Washington: Stating that global economic conditions improved in the second half of 2009, with clear signs of economic recovery in most countries, the Obama Administration on Thursday told the US Congress that the recovery was strongest in emerging economies, notably in Asia.
“Global economic conditions improved in the second half of 2009, with clear signs of economic recovery in most countries.
“By the fourth quarter, signs of recovery were evident in all the economies discussed in this report, except Venezuela,” the Treasury Department said in its semi-annual report to the Congress on international economic and exchange rate policies.
“The recovery has been strongest in the emerging economies, notably in Asia. Global trade expanded and financial market conditions improved substantially in the second half of 2009.
“Nevertheless, in many countries the economic recovery was dependent on fiscal and monetary policy stimulus and in particular, labour markets remained weak,” said the 35-page report.
Observing that the world economy was pulled back from the brink and has resumed growth, it said a durable recovery is still not fully secure.
Global economic growth is now projected by the IMF to be 4.6% in 2010, which is nearly 2.5 times the pace of growth projected for 2010 in the spring of 2009, it said.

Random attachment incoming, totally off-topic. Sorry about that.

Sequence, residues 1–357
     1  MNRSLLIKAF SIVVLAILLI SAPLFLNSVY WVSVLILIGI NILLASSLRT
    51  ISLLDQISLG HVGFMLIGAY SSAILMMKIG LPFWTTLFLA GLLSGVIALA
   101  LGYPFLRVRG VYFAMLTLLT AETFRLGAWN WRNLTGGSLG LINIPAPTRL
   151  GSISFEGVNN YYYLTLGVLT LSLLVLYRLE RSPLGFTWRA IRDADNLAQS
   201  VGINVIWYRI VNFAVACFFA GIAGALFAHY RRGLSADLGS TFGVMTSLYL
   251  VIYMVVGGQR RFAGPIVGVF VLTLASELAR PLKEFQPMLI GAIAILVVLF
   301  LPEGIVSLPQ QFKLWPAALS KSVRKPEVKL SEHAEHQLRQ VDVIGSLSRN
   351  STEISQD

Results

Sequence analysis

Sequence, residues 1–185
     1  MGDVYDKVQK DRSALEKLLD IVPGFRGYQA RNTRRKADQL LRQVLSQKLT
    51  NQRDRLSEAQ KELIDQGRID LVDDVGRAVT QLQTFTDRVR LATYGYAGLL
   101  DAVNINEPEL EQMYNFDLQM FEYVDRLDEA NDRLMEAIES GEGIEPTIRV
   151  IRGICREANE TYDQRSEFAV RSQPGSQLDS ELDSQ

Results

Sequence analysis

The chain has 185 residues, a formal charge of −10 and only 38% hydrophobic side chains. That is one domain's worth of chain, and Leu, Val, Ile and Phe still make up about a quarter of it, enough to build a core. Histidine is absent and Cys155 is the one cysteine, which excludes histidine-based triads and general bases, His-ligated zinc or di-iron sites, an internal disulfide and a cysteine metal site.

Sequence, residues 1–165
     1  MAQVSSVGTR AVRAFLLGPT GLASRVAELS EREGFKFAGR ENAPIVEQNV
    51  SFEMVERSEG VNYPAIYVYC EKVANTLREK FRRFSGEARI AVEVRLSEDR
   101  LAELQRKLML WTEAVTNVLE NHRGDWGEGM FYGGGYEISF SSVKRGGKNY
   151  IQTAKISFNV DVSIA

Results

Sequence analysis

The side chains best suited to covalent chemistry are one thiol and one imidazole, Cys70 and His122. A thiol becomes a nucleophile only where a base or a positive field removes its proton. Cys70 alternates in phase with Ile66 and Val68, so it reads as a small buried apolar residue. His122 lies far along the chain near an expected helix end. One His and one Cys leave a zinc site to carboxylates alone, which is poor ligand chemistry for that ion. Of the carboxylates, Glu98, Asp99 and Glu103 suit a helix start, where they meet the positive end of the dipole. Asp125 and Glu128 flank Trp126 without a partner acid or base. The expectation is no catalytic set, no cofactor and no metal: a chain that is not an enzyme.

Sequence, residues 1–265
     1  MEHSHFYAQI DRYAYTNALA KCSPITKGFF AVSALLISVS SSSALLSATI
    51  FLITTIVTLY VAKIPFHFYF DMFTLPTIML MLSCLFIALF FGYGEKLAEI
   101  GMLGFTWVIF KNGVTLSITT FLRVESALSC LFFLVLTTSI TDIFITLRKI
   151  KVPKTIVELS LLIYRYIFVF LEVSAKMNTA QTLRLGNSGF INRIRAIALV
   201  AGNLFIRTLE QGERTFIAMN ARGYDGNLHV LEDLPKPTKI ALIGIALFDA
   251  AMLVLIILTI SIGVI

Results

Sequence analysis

Although unemployment rates remain elevated and unacceptably high, job growth has returned, according to the report.
International trade has increased sharply and has nearly returned to the pre-crisis level following a collapse of more than 35% in the value of trade between the second quarter of 2008 and the first quarter of 2009.
The IMF expects global trade will expand faster than global output in 2010, returning to its pre-crisis pattern.
Financial markets have improved significantly and private credit is again available more broadly, although volatility has increased since spring-2010, the report said.
“Emerging market economies have recovered more quickly than most advanced economies. Economies in Asia, but also some in Latin America (Brazil, for example), have performed especially well. Some emerging market economies have begun to scale back their macroeconomic stimulus,” the Treasury Department said.